Keep in mind that an open mortgage contract still has a term. Unless you’re able to pay off the full balance from your financial windfall, you’d be on the hook for the higher interest rates for the rest of the term.
Differences between an open and closed mortgage
The decision between choosing an open or closed mortgage is sometimes made easier when you look at the key differences.
- Prepayments – Open mortgages allow you to make a lump-sum payment with no restrictions, whereas closed mortgages have limited options.
- Prepayment penalty – There is no prepayment penalty with open mortgages. Closed mortgages will charge you the IRD penalty or three months of interest.
- Interest rate – Closed mortgages have lower mortgage rates compared to open mortgages.
- Term length – You can get a longer term of up to 10 years with closed mortgages. Open mortgages are typically capped at five-year terms.
- Refinancing options – Refinancing and renegotiating can be done at any time for open mortgages with no fees. You can refinance with closed mortgages, but you’ll have fewer options and a penalty will need to be paid.
Note that with both open and closed mortgages, you can still get a fixed-rate mortgage or variable mortgage.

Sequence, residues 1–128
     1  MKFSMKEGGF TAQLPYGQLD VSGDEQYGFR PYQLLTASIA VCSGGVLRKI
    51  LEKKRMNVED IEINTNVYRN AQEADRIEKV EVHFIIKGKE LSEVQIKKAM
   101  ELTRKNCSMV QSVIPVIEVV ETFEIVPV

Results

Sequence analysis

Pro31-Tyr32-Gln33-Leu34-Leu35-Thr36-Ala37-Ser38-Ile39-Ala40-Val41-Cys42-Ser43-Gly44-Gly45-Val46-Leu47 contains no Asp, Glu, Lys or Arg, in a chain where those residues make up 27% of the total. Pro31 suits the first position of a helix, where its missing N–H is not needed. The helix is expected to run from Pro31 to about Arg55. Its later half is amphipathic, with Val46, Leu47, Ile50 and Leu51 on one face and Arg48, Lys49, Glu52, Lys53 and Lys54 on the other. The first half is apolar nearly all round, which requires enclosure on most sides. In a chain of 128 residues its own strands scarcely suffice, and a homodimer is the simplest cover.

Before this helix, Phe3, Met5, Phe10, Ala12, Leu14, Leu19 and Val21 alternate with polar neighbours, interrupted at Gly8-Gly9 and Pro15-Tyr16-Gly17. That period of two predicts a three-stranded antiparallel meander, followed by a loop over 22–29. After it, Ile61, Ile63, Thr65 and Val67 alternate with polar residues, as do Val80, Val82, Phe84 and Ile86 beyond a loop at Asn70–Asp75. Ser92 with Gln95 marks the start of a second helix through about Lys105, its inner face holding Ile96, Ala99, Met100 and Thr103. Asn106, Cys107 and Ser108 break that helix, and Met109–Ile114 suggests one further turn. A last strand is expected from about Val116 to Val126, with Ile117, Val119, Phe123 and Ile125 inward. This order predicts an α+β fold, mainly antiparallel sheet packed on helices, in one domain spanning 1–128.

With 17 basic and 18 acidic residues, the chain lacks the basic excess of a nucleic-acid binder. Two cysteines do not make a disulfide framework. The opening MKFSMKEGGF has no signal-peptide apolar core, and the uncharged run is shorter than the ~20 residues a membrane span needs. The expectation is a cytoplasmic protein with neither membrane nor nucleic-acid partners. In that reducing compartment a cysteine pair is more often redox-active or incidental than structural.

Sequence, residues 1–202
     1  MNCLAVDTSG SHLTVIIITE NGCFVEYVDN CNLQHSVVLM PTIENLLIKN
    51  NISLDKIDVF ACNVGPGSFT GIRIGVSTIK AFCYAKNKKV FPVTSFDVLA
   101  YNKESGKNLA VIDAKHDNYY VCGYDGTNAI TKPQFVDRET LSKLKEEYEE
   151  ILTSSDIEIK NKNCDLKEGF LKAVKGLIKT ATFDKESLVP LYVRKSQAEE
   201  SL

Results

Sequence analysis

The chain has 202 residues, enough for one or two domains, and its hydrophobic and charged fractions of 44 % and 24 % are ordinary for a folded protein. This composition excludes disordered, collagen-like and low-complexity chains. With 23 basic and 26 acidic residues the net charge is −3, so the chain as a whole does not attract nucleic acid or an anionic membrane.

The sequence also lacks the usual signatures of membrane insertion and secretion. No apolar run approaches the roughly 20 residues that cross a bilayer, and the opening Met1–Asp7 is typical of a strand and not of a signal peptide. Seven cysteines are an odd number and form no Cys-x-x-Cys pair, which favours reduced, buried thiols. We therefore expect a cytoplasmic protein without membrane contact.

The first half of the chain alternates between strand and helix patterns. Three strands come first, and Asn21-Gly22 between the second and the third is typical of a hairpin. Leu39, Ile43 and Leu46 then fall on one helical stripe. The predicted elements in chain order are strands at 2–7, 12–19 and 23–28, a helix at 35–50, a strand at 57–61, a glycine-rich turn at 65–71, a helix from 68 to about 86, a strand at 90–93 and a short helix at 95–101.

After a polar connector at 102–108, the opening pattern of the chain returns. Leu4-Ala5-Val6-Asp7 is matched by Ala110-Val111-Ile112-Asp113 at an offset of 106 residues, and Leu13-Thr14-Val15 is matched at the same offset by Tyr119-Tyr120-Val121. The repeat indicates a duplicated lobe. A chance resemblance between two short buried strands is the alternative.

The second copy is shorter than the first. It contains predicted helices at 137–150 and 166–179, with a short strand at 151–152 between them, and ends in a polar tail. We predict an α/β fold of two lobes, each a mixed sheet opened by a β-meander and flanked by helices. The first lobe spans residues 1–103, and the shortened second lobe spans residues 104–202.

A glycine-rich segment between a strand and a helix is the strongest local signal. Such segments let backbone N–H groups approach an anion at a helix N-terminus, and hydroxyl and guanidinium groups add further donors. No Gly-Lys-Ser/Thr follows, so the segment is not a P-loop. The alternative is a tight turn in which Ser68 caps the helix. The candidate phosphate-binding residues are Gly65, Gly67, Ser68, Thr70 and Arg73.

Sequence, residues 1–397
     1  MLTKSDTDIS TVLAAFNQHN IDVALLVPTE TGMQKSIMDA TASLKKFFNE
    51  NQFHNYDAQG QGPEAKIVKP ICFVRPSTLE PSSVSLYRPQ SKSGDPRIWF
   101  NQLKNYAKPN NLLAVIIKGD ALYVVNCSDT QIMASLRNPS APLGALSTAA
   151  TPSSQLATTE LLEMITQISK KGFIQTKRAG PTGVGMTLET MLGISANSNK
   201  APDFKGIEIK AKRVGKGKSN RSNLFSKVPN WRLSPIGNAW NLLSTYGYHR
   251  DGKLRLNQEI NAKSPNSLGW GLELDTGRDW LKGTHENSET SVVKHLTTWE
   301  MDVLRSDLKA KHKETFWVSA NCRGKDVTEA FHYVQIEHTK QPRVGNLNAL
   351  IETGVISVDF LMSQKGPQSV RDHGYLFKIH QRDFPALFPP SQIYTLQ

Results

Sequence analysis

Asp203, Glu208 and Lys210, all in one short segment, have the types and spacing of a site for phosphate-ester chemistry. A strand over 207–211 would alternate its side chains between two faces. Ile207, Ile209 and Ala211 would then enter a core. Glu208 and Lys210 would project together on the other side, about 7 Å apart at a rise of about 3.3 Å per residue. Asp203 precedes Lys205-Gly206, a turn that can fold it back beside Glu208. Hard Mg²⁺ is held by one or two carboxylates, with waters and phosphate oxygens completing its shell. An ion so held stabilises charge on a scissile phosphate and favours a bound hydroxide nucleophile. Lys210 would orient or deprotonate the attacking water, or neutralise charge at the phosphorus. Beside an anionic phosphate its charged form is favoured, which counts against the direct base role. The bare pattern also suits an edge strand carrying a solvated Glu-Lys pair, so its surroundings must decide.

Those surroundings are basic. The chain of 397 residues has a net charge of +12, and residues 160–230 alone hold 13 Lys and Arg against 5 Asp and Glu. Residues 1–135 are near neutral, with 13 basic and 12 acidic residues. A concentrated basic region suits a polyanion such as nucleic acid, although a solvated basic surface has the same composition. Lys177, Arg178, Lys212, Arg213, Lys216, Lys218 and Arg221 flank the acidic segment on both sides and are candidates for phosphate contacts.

Open or closed mortgage, which is right for you?
When looking at open vs closed mortgages, all you need to do is look at your personal situation to come up with a decision. A closed mortgage will be the best option for people who don’t anticipate paying off their mortgage before the end of their term. To be clear, closed mortgages are the most popular type of mortgage for Canadian borrowers.
Open mortgages will obviously appeal to homeowners that want maximum flexibility. Having a higher interest rate may not matter to you if you know you’re going to pay off your mortgage in a few months or within the next few years. The additional interest you pay with an open mortgage could actually be less than what you’d pay in penalties for breaking a closed mortgage.
Keep in mind that it’s not just your current financial standing or expected financial windfall that should affect your choice between an open or closed mortgage. If your mortgage is up for renewal, and you suspect you may need to sell your home during the next mortgage term, it could be worth getting an open mortgage. For example, let’s say you’re thinking about moving countries in the next few years and you’ll need to sell your home to fund that move.
Always consider the following when deciding between open vs closed mortgages:
- How important is your monthly payment?
- Do you want to be able to pay off your entire mortgage balance early?
- Are you expecting a financial windfall?
- Is there a possibility that you’ll need to sell your home before the end date?
If you still can’t decide between an open or closed mortgage, you may want to speak to a mortgage broker. Not only will they be able to go over the differences and how it applies to your specific situation, but they can also give you quotes on current interest rates. When you have the monthly payments in front of you, it can make the decision easier when choosing between open vs closed mortgages.